During a recent Arizona State football practice, Gerell Robinson lined up at wide receiver, ran a quick slant pattern and could not reach the pass as it sailed a few feet in front of him.
That caused one of the team’s linebackers to speak up, repeating the kind of chatter that Robinson, a highly touted, amazingly gifted true freshman, has heard since the start of fall drills.
“Come on, Mr. All-American! You’re supposed to dive and pull that ball in, Mr. All-American!”
Robinson jogged back to the huddle, reacting to the good-natured taunt in the same manner he deals with sky-high expectations for him as a Sun Devil — by putting on the mile-wide smile that suggests he cannot be rattled.
“The way I handle things is just smile at everybody, whether it’s positive or negative,” said Robinson, a 6-foot-4, 210-pounder who was perhaps ASU’s most prized 2008 recruit. “It’s been mainly positive and fun here so far. …
“I like the pressure. I’m that kind of person. If the game is on the line, I want the ball.”
Robinson, a national top-100 prospect while at Chandler Hamilton High School as a dual-threat quarterback and part-time receiver, was expected to play this year from the moment he signed with ASU in February.
With starting receivers Chris McGaha and Michael Jones out due to injury, Robinson has worked with the first-team offense in recent practices, showing solid skills and route-running for someone who did not play the position much in high school.
“There’s a lot of hype with Gerell, but I know what kind of a guy he is,” quarterback Rudy Carpenter said. “He’s a hard worker who wants to be good. He’s going to be good for us. He’s mentally exhausted because he has had to learn so much, but once he gets over that, he’ll be fine.”
During the recruiting process, Robinson had the hype — super-sized. He was the top player at what has become Arizona’s showcase high school program, rated No. 1 in the state by recruiting services and invited to play in the U.S. Army All-American Game in New Orleans.
During NBC’s broadcast of the Jan. 5 game, Robinson announced his college choice: ASU, over Notre Dame. Sun Devil fans were thrilled, and the fact that three months earlier, Robinson had rescinded a verbal commitment to Arizona, made the news even sweeter.
After pledging to the Wildcats as a quarterback, Robinson decided that his future was as a receiver.
Not long after decommitting to UA, he was often seen at ASU practices, wearing his smile and being one of the guys. Still, for some time, he felt he was Notre Dame-bound.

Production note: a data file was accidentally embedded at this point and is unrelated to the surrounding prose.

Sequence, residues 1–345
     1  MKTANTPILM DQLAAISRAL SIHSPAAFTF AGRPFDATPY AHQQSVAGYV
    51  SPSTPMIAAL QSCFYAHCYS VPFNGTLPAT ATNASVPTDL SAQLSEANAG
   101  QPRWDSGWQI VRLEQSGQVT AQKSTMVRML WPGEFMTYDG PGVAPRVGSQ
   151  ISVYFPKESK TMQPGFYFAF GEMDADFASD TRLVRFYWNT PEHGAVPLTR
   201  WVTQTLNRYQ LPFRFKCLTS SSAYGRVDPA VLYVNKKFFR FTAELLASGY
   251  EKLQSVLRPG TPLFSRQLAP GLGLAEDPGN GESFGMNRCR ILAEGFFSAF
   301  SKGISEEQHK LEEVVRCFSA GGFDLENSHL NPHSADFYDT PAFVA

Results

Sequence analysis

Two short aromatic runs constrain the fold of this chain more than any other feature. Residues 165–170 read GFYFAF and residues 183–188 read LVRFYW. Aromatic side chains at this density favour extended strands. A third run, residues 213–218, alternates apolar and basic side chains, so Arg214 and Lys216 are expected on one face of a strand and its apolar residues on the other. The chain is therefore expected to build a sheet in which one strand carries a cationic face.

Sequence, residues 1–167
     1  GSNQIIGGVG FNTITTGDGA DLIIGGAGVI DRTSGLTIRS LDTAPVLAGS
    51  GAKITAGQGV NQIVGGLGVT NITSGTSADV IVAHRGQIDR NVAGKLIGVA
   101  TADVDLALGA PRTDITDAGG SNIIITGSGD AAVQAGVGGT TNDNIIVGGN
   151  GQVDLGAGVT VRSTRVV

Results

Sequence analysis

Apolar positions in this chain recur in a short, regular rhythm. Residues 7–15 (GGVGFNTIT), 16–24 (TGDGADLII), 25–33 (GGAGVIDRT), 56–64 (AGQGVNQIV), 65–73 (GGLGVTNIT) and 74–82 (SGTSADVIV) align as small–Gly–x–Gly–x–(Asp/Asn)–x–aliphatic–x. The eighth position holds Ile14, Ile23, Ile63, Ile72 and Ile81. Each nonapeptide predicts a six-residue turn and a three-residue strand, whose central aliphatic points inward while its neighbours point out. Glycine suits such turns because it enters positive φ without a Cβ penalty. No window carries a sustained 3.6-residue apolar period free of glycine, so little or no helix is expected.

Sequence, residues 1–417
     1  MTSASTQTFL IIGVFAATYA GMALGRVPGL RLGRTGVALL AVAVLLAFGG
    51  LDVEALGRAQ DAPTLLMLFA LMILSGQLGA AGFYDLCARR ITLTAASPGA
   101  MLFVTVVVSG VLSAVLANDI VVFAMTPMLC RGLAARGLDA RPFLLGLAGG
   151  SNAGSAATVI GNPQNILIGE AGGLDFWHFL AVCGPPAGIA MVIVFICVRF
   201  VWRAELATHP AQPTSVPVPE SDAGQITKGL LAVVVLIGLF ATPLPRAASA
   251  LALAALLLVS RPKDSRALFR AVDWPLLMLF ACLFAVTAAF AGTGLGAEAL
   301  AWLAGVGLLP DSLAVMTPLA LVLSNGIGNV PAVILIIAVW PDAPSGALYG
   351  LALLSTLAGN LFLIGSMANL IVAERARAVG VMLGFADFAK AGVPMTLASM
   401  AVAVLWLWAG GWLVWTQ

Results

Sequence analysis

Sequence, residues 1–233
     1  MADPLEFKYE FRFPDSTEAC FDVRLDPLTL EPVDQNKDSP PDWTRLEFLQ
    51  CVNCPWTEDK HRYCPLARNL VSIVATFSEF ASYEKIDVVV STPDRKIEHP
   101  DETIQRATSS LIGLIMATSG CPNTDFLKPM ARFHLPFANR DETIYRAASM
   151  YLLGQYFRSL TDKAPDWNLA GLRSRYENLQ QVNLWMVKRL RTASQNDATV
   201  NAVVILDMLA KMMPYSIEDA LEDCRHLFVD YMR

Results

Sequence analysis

“It wasn’t until just before I went to the All-American game,” Robinson said. “That was when I changed my mind. I took my visit here, and that opened my eyes. It just felt right, and I’ve been here pretty much every day since I signed, learning about everything.
“I really don’t feel like a freshman since I’ve been around here so much. But the older players remind me, so I guess that’s a good thing.”
His credentials did not give Robinson a sense of entitlement. Although he was still a high school student, he attended almost every spring practice.
He faithfully attended summer workouts and buried himself in the playbook.
“Gerell doesn’t have a big head at all,” receivers coach Eric Yarber said. “He listens and is coachable. …
“He needs to polish up his routes, and he knows that. He’s on me every day, saying, 'Coach, how did I do on that one? Am I getting better?’ He wants to be great. And because of that, the sky is going to be the limit for him.”
Robinson does not flaunt his athleticism and talent, but make no mistake: He knows how much he has of both.
Asked if he is surprised by how smoothly the transition to receiver has been, he said, “For anyone else, I think that it would be a big adjustment. But for me, I was able to grasp everything well. I’m blessed.”
He talks of helping the Sun Devils to a Pac-10 championship, but Robinson also dreams of being named a freshman All-American.
“I have a lot of personal goals, and I’ll work to achieve them,” Robinson said. “But I don’t think I’m better than anyone else.
“I’m sure that people think guys who come in with a lot of (fanfare) are a little cocky, but I don’t think my teammates feel that about me. I think I’m a normal kid.”